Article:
he High Court yesterday gave the government a number of directives to stop the use of chemicals for ripening and preserving fruits and the sale of those contaminated fruits, a public health concern.
The court, in response to a public interest writ petition, ordered Bangladesh Standards and Testing Institute (BSTI) and Rapid Action Battalion to continuously monitor fruit depots in Dhaka so that contaminated fruits cannot be stored or sold.
It asked for everyday tests of fruits to be conducted at wholesale depots in the capital.
The HC also ordered the chairman of the National Board of Revenue to take immediate steps to stop the import of contaminated fruits and submit a progress report in this regard before the court within 15 days.
It directed the deputy inspector general of police in Rajshahi to deploy police forces in the commercial mango orchards in that area to stop the use of chemicals for ripening mangoes.
The HC asked the commerce, food and home secretaries to form a committee comprised of representatives of those ministries to make recommendations for the government to stop the use of chemicals in fruits and submit a report in this regard before the court within 15 days.
Furthermore, the HC directed the authorities concerned to file cases against people responsible for the use of chemicals in fruits under the Special Powers Act, 1974.
The HC bench of Justice AHM Shamsuddin Chowdhury Manik and Justice Md Delwar Hossain gave the directives after hearing the public interest writ petition filed by Human Rights and Peace for Bangladesh (HRPB).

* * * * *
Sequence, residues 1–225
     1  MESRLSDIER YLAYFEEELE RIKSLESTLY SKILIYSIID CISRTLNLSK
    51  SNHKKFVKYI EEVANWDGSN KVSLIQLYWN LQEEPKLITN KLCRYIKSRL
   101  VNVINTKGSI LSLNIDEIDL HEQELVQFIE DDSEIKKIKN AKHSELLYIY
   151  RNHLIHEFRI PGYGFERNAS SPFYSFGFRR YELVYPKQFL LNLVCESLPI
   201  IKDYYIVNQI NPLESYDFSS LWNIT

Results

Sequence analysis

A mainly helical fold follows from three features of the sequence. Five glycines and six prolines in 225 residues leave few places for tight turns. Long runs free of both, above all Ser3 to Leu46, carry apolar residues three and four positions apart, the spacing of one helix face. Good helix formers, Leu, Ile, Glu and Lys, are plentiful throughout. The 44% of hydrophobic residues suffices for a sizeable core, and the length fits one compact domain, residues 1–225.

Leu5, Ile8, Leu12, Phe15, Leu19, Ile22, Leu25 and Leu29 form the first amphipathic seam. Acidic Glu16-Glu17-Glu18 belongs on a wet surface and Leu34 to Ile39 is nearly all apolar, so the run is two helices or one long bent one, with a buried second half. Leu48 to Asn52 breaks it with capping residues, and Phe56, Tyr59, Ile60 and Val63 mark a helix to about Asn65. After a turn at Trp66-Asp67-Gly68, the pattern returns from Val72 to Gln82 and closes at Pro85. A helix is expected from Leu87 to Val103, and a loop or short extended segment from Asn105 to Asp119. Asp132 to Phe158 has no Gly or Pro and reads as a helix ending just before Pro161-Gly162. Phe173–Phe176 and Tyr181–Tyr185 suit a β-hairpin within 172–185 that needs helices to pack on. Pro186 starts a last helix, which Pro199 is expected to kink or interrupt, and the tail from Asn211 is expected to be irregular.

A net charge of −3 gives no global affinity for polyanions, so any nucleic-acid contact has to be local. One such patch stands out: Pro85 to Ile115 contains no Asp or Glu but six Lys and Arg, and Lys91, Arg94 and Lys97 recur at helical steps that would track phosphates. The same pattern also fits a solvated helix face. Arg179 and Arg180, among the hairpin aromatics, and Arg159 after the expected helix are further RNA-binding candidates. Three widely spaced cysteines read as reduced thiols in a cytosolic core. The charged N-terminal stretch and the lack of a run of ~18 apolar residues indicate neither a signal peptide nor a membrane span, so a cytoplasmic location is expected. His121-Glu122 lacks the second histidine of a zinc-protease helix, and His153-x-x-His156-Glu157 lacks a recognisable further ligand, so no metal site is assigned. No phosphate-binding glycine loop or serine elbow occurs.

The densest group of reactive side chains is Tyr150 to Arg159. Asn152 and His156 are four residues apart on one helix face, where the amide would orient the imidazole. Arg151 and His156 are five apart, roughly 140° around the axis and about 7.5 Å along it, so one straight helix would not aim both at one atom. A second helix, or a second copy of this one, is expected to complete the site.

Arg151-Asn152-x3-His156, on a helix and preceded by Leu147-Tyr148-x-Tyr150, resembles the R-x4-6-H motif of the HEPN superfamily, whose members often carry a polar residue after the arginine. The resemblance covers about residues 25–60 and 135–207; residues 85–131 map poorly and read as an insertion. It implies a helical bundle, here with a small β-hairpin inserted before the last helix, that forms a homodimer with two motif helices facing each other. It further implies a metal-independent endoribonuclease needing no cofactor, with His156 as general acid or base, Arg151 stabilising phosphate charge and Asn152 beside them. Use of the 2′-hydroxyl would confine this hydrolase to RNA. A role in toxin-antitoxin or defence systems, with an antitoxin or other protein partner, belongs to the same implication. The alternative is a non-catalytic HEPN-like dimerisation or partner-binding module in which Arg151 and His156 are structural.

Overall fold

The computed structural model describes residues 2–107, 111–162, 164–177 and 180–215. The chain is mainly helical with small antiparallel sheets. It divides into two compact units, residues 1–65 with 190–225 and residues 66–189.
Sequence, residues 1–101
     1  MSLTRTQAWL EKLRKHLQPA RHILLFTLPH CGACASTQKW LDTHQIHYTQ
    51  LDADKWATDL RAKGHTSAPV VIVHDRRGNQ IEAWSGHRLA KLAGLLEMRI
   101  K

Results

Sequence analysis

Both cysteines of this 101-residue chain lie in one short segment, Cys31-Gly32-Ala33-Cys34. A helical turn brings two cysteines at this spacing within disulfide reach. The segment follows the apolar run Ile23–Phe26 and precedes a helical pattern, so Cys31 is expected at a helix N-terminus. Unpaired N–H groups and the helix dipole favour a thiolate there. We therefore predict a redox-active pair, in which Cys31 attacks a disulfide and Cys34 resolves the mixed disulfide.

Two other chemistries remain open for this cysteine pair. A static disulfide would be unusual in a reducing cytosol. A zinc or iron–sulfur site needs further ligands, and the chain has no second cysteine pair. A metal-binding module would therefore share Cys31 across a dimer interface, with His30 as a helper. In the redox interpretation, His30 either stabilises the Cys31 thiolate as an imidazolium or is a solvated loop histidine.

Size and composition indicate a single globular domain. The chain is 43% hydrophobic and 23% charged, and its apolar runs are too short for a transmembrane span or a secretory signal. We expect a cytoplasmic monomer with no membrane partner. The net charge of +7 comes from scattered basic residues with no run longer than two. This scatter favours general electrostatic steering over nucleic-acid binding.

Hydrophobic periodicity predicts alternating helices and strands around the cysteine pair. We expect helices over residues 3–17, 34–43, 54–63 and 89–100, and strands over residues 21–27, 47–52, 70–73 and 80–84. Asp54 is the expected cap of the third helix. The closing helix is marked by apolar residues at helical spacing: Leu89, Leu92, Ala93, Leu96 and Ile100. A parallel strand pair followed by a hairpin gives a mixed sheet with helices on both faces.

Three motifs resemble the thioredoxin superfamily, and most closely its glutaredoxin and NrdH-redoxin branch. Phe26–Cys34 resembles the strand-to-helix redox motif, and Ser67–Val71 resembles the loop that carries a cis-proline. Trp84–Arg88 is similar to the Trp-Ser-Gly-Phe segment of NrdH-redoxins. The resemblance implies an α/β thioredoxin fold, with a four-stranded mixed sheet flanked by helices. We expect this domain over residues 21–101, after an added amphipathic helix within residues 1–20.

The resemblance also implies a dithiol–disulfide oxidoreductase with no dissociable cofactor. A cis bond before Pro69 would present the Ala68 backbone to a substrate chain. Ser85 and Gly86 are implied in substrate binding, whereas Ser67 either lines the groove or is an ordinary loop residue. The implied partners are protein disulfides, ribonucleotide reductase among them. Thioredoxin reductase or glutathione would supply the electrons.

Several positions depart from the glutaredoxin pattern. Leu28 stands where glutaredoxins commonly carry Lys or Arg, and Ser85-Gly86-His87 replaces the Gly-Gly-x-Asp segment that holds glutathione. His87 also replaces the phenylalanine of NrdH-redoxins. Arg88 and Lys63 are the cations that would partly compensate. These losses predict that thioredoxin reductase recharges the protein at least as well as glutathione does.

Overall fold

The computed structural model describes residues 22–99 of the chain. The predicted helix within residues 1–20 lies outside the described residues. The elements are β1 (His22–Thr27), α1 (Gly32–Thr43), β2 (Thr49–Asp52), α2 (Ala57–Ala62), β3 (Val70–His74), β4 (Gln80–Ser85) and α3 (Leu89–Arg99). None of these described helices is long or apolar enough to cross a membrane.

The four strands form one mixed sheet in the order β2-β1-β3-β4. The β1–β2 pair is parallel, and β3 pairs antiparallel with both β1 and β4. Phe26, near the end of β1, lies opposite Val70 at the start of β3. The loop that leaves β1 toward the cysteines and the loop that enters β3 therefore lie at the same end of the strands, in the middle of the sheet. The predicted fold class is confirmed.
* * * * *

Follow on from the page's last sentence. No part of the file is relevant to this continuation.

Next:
The bench also issued a rule upon the government to explain within three weeks as to why it should not be directed to take effective measures to protect public health by stopping the use of chemicals in fruits and why their inaction in this regard should not be declared illegal.
Commerce, home and food secretaries, inspector general of police, managing director of BSTI and its director, director general of Rab, commissioner and deputy inspector general of police of Rajshahi and chairman of the NBR have been made respondents to the rule and the directives.
The HRPB petition stated that the respondents have failed to take necessary steps to stop the use of harmful chemicals for fruit ripening although they are legally and constitutionally bound to take steps.
Even though fruits such as apples, mangoes, grapes, bananas and papayas play an important role in maintaining good health of citizens, some corrupt traders are using chemicals like carbide to ripen them and formalin to elongate their shelf life, the petition stated.
It also cited some newspaper reports in this regard.
During the hearing yesterday, petitioner’s lawyer Manzill Murshid told the court that the mangoes, the most available fruit in this season, are being artificially ripened with chemicals and those mangoes are being stored and sold.
On June 1 last year, the HC in a verdict directed the government to set up a food court in every district and appoint sufficient food analysts and inspectors in all districts within one year to prevent food adulteration.
The court had also directed the government to inform the court by July 1, 2010, about its progress in complying with the directions.
The government has not implemented the HC verdict till date, Manzill told The Daily Star.
Source: The Daily Star – 11.05.2010